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News Release: October 16, 2008 Print this page
Docket Nos: ER08-394-003; ER08-556-000, ER06-615-020 and ER08-1178-000; and ER08-1419-000

FERC accepts RTO Tariff Provisions to improve market operations

The Federal Energy Regulatory Commission (FERC) acted to improve the market designs of three organized power markets today with orders that that establish a process for developing economic transmission upgrades in the market operated by the Southwest Power Pool Inc. (SPP) and establish new resource acquisition processes in the Midwest Independent Transmission System Operator Inc. (Midwest ISO) and the California Independent System Operator Corp., (California ISO).

"These orders, combined with our new final rule on competition in organized markets, underscore this Commission's commitment to ensure that wholesale power markets function smoothly and, ultimately, provide the service, supply options and low costs that will benefit consumers," FERC Chairman Joseph T. Kelliher said.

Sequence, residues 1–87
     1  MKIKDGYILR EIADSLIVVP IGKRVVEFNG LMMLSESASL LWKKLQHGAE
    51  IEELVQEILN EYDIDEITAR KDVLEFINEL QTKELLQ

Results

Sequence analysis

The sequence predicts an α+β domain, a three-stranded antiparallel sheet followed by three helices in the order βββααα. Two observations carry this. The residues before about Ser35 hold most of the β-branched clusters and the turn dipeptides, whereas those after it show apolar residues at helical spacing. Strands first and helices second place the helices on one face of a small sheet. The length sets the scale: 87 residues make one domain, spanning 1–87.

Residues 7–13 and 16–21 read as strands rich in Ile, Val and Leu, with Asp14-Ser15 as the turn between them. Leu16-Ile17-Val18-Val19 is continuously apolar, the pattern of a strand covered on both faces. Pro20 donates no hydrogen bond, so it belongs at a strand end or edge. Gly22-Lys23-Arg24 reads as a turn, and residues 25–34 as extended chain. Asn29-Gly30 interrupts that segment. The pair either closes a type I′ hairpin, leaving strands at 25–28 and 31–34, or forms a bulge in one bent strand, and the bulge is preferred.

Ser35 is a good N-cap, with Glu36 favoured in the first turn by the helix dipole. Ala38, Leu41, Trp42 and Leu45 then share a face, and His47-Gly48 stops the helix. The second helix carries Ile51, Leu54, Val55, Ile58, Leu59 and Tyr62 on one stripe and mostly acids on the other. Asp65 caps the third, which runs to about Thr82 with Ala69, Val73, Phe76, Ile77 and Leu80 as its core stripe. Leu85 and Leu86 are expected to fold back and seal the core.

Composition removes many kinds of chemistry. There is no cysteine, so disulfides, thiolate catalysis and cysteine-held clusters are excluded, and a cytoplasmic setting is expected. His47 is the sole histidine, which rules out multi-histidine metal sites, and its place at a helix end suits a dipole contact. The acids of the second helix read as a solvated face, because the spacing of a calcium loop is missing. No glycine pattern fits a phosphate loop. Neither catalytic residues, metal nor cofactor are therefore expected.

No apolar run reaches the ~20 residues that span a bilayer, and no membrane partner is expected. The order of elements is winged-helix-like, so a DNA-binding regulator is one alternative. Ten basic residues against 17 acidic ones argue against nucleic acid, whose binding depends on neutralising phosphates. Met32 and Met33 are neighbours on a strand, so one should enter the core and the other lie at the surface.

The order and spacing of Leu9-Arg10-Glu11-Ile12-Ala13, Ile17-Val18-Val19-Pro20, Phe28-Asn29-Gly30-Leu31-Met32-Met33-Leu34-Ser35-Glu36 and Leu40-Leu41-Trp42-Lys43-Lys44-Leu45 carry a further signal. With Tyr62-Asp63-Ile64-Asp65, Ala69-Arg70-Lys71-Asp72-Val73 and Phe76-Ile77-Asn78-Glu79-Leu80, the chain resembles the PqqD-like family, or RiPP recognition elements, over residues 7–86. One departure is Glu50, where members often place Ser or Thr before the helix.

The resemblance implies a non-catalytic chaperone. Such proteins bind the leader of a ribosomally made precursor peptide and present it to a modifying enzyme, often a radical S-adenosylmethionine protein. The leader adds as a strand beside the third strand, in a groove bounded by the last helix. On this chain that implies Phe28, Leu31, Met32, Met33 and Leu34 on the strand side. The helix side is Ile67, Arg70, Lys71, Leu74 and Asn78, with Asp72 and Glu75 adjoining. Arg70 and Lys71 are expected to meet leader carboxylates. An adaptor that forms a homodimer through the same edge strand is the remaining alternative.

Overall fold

The orders are described below:

  • Southwest Power Pool (ER08-1419-000) This order accepts tariff revisions that SPP filed to establish a process for including a "balanced portfolio" of economic upgrades in the SPP Transmission Expansion Plan and to recover the cost of those upgrades through a regional, postage-stamp rate design.

  • Midwest ISO (ER08-394-003) This order conditionally accepts the financial settlement provisions of the resource adequacy section of the Midwest ISO's Open Access Transmission and Energy Markets Tariff. But FERC is requiring the Midwest ISO to justify the calculation of its proposed $80,000 per megawatt month cost of new entry (CONE). And the Commission, rejecting the ISO's proposal to charge the annual CONE for each month's deficiency, said that the deficiency charges would be excessive if applied to a load-serving entity with deficiencies in multiple months.

  • California ISO (ER08-556-000, ER06-615-020, ER08-1178-000) In these orders, FERC opens an investigation under section 206 of the Federal Power Act and announces it will convene a technical conference to discuss whether both the proposed changes to the Exceptional Dispatch provisions of the Market Redesign and Technology Upgrade (MRTU) tariff, and the Exceptional Dispatch mechanism itself, are or continue to be just and reasonable. Since the mechanism and the MRTU tariff were approved in September 2006, FERC has identified at least two main categories of changed circumstances that justify the investigation: California ISO has significantly increased its anticipated usage of Exceptional Dispatch, and the evolution of FERC's policy that non-resource adequacy resources should receive compensatory payment for the resource adequacy services they provide.



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